A year has passed since the last communication was received from Argentinian submarine ARA San Juan (S-42), but the search for the missing boat continues with the help of a Texas-based undersea mapping firm.
Starting in early October, Houston-based Ocean Infinity deployed its research vessel Seabed Constructor and an array of five autonomous underwater vehicles (AUVs) to comb the South Atlantic off the Argentine coast for the missing attack boat and its crew of 44 sailors now presumed dead.
The firm had several clues to start with, such as San Juan’s location, roughly 240 nautical miles east of Argentina’s San Jorge Gulf, when the sub sent its final communication.
“We know the weather at the time was terrible. We know the current was heading north. The wind was blowing from the southwest,” Oliver Plunkett, chief executive of Ocean Infinity, told USNI News. “On the surface, the submarine was in great difficulty.”
However, what happened after the submarine slipped beneath the surface for the final time remains a mystery, occurring in what Plunkett describes as a challenging but fascinating undersea environment.
“It’s fascinating: largely the seabed is flat. But it’s a bit like saying largely the United States is flat, except for when you get to the Rocky Mountains,” Plunkett said. “Some parts of the seabed are like the Rocky Mountains.”
Using Plunkett’s analogy, San Juan could be in the undersea equivalent of where the Great Plains meet the Rockies – either in relatively shallow and flat seabed or deep below the surface, where the floor is pocked full of canyons and mountains.
Previous search efforts yielded no clues of San Juan’s final resting place – just undersea imagery of rock formation and a few long-lost fishing vessels. The U.S. Navy had sent rescue teams to assist in the search when there was still hope of finding the crew alive. A U.S. Navy Cable-operated Unmanned Recovery Vehicle (CURV) 21 and a Navy-funded research vessel were later sent to search for San Juan’s wreckage.
Ocean Infinity did not release the terms of their contract with the Argentine government, other than the search term was for 60 days with an option to continue for an additional 60 days. The first two-month search period just ended. Plunkett plans to review the data collected so far, recalculate where to look, and resume the search in February.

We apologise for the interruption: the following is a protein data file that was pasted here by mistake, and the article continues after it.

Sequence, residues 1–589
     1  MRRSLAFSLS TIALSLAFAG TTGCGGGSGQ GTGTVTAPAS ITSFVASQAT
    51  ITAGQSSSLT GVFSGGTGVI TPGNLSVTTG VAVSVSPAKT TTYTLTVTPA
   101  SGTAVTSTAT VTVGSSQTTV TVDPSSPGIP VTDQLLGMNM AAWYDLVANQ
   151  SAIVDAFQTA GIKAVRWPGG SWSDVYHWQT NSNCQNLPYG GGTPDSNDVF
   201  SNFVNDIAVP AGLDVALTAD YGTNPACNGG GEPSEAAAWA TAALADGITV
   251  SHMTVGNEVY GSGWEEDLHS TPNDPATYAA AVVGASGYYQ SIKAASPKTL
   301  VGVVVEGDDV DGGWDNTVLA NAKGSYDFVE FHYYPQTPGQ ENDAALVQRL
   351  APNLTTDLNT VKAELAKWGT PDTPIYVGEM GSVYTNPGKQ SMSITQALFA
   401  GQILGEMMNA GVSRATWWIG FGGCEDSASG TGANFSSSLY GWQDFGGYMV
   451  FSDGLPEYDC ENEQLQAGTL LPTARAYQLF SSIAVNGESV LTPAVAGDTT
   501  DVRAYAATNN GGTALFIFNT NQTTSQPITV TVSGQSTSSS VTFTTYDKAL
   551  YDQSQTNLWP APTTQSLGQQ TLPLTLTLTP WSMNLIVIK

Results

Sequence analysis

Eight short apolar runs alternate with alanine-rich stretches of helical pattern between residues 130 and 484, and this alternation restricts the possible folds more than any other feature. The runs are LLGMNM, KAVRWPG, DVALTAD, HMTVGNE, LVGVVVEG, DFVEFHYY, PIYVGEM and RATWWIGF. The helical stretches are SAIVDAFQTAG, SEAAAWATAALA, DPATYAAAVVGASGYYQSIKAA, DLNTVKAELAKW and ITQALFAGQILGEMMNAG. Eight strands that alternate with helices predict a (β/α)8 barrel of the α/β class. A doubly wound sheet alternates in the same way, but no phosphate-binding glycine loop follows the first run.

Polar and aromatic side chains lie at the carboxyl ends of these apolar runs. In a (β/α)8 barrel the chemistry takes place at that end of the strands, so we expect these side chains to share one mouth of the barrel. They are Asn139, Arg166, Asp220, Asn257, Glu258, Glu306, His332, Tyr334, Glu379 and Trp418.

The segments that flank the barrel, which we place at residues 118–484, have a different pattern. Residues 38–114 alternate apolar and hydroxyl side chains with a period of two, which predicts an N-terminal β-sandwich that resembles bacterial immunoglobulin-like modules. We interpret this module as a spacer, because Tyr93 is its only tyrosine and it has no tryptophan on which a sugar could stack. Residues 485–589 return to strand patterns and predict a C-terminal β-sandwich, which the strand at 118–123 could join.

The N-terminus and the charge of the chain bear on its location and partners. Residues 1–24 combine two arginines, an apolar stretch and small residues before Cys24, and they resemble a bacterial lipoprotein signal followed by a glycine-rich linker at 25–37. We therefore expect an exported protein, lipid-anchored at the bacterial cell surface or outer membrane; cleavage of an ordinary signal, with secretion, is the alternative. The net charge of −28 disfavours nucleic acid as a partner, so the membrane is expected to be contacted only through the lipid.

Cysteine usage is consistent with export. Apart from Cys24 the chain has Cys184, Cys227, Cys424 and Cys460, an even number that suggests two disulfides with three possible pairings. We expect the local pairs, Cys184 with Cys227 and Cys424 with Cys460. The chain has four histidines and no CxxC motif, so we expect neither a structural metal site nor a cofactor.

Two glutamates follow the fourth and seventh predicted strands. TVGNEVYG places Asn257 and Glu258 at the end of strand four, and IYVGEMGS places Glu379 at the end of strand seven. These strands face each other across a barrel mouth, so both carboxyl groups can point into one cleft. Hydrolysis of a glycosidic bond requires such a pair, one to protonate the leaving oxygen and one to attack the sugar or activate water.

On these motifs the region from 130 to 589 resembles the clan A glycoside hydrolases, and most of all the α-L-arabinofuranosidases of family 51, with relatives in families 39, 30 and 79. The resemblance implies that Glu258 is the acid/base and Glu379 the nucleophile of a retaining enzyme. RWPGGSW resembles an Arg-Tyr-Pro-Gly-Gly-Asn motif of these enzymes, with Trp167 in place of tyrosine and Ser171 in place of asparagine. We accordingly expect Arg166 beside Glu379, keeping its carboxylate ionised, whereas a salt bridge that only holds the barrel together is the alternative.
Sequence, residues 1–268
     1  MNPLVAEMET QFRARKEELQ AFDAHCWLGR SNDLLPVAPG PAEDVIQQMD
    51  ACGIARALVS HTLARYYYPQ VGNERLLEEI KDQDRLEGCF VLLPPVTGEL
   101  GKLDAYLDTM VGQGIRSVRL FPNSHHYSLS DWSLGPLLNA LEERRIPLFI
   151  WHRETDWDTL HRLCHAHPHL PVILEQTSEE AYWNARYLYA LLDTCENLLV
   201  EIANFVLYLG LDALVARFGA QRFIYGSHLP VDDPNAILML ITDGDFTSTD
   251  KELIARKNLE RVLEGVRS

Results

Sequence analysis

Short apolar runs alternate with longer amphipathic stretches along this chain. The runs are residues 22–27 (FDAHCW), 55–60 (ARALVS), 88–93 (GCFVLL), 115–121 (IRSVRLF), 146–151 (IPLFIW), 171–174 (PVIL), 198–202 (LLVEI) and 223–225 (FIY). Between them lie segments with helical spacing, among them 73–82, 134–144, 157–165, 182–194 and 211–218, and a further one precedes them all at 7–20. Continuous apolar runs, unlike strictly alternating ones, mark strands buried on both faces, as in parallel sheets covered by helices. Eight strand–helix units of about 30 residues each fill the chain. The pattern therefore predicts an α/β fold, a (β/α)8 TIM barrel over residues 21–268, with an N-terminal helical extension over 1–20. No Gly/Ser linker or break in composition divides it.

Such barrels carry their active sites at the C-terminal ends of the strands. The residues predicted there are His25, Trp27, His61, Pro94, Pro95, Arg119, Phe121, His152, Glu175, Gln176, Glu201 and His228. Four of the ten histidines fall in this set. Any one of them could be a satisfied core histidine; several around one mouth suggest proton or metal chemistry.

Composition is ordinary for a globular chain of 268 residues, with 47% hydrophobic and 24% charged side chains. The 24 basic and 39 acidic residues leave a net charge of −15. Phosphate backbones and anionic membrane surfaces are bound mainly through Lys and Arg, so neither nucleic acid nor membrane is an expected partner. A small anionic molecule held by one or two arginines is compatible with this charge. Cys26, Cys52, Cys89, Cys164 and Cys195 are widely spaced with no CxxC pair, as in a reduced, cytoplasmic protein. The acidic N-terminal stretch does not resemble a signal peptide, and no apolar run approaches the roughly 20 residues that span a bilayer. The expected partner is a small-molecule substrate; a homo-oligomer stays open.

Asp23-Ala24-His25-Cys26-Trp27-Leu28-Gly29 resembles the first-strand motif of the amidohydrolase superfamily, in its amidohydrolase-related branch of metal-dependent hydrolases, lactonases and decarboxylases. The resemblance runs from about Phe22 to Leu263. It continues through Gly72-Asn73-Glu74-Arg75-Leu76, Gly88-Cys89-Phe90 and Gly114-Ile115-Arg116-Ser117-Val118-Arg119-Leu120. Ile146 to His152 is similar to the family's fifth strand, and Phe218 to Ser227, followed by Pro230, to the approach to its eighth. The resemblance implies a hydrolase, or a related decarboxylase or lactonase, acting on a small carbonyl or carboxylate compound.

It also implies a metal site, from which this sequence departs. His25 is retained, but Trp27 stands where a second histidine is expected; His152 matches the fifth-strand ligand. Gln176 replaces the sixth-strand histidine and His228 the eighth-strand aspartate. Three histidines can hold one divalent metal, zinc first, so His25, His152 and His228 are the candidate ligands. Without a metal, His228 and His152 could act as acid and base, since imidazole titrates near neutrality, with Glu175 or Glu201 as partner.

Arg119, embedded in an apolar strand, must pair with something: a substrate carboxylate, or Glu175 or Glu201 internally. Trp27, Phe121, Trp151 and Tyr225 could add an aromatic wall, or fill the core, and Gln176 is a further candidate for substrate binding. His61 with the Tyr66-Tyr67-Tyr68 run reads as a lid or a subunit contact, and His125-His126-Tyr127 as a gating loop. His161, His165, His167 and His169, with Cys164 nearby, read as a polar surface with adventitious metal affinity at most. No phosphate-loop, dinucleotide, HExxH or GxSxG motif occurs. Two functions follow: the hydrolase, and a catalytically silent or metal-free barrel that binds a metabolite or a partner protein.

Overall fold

According to Argentinian media accounts, the government will pay Ocean Infinity a $7.5-million bonus if San Juan is found, as reported by the Buenos Aires Times.
The Final Moments of San Juan
Searchers know that just after midnight on November 15, 2017, San Juan’s captain alerted his Argentine Navy superiors via a satellite phone call that salt water had poured into the sub through its snorkel, which is used to bring fresh air to the sub when submerged.
“Seawater leaked in through the ventilation system into battery system No. 3, causing a short circuit and the early stages of a fire where the batteries were. The batteries on the external bow are out of service. We are currently submerging with a divided circuit. Nothing new to report regarding personnel. Will keep you informed,” according to a CNN English translation of the message, which was broadcast by Argentinian channel A24.
At 6 a.m. the captain sent a typed message repeating his satellite phone message, per Argentine Navy procedure. At 7:30 a.m. the sub sent a message stating it was proceeding on course. That was the final message received.
At 10:31 a.m., an undersea explosion was registered by an anti-nuclear proliferation listening station. U.S. and international experts determined the explosion was not nuclear but occurred in roughly the same area San Juan was believed to be operating at this time, according to the Argentine Navy.
“The nuclear listening station recorded a seismic event, and that’s a very key piece of evidence,” Plunkett said. “But there’s a degree of error in location.”
The problem for searchers, Plunkett said, is that the explosion, the final communication and the sub’s course are all estimates; best guesses, Plunkett said. A variation of just a few degrees in estimated coordinates could be the difference of searching in relatively shallow waters of up to 900 feet deep or off the continental shelf’s sheer drop-off down to depths of more than a mile.